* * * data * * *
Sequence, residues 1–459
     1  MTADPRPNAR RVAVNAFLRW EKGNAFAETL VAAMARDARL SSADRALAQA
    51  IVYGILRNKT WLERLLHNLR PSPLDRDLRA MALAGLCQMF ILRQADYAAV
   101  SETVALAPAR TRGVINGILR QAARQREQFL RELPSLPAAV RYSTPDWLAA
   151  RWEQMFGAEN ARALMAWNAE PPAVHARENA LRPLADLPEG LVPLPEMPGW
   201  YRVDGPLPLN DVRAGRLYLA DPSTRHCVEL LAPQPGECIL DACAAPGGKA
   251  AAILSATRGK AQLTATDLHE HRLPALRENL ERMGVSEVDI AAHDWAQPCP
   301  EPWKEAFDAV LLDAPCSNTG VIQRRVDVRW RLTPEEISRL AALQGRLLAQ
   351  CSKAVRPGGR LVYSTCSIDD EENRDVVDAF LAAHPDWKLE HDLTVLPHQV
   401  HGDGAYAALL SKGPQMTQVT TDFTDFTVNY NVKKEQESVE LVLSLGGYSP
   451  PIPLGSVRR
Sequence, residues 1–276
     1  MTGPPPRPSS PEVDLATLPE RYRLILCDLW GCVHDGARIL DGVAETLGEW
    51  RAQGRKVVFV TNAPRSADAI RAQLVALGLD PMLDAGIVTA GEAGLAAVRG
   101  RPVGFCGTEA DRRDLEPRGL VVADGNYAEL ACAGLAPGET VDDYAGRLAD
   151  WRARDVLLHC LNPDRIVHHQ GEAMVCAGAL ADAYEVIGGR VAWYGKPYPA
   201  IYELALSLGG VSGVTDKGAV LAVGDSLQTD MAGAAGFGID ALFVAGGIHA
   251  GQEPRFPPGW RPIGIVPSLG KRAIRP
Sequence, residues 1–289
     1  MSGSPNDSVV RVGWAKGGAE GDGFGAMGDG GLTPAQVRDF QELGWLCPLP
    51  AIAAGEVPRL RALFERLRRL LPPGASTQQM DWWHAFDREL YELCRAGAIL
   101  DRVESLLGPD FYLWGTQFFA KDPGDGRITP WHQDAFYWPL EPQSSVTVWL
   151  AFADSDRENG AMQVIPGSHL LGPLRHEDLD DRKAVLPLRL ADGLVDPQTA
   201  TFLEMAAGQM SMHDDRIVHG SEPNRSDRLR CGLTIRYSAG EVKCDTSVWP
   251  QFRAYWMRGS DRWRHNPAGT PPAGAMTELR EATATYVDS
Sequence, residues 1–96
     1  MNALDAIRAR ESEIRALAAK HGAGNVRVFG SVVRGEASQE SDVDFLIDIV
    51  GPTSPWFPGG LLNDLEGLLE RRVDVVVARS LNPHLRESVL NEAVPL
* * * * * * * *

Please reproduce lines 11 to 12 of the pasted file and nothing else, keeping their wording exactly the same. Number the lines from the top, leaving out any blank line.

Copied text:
   451  PIPLGSVRR
Sequence, residues 1–276